The only possible way of applying it is to generalise somehow since you can't look into the future and judge outcomes case by case. I think the best way is not to base rules on it (with laws like 'stealing is bad' there are too many exceptions) but evaluate abstract concepts, like empathy, jealousy, etc. and go from there, which requires a lot of honest introspection. But I guess you need that for any kind of moral compass
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Old 05-10-2021, 11:19 AM   #7 (permalink)
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I don't think people are going to en masse act in a utilitarian manner in their day-to-day lives. At least not consciously and consistently.

To me, utilitarianism's big potential is I think it's a good value and goal for society to pursue. A utilitarian principle, like the one posed in my first post, should be used as a guide to figure out best politics / legislation. F.ex. whenever a new law or national road project or whatever is up for discussion, whether or not it is going to, in some manner, add to the (long term) quality of life for people should be the ultimate thing to consider.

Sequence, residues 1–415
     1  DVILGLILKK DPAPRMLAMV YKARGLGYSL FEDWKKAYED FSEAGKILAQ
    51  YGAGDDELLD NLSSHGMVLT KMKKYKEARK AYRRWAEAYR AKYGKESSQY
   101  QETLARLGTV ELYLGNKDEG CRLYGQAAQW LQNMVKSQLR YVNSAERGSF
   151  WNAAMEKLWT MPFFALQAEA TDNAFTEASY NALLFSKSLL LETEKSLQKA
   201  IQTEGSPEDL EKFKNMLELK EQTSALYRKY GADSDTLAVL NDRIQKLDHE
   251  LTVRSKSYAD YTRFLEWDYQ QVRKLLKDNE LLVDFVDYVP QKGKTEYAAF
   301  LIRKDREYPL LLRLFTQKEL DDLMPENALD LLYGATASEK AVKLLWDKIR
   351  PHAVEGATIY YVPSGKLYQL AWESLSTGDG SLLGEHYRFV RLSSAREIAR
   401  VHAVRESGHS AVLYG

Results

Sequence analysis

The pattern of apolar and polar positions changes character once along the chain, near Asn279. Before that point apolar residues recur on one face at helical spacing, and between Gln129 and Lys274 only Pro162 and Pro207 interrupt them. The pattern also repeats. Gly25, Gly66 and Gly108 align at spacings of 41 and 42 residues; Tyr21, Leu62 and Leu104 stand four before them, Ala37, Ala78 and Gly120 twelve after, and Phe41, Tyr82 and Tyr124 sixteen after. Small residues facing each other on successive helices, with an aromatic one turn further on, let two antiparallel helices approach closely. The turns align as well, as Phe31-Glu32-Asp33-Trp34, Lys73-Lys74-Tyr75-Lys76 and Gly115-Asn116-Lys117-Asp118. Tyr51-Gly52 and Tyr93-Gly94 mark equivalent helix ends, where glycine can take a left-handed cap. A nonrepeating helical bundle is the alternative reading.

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Old 05-10-2021, 04:13 PM   #8 (permalink)
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there's a term for this, although I don't remember it

but I lean towards some concepts inherently having value

Freedom, Truth, Justice etc

they are not justified by their outcomes, they're justified by some notion of righteousness whether it's learned or biological
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Old 05-10-2021, 04:18 PM   #9 (permalink)
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also the metrics used to judge outcomes can be flimsy

Happiness?

philosophers can't agree on what that even means

Doestoyetsk argued humans don't even necessarily want to be happy
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Old 05-10-2021, 04:20 PM   #10 (permalink)
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Originally Posted by elphenor View Post
there's a term for this, although I don't remember it

but I lean towards some concepts inherently having value

Freedom, Truth, Justice etc

they are not justified by their outcomes, they're justified by some notion of righteousness whether it's learned or biological
that's just what I was talking about I think. Those notions of righteousness are ultimately based on the idea that they lead to a good outcome, and that idea gets generalised by assigning those values to concepts like freedom. Then you don't even realise where it originally came from, but you have a concept like freedom that you can apply easier than 'gee let's weigh all possible outcomes of this decision'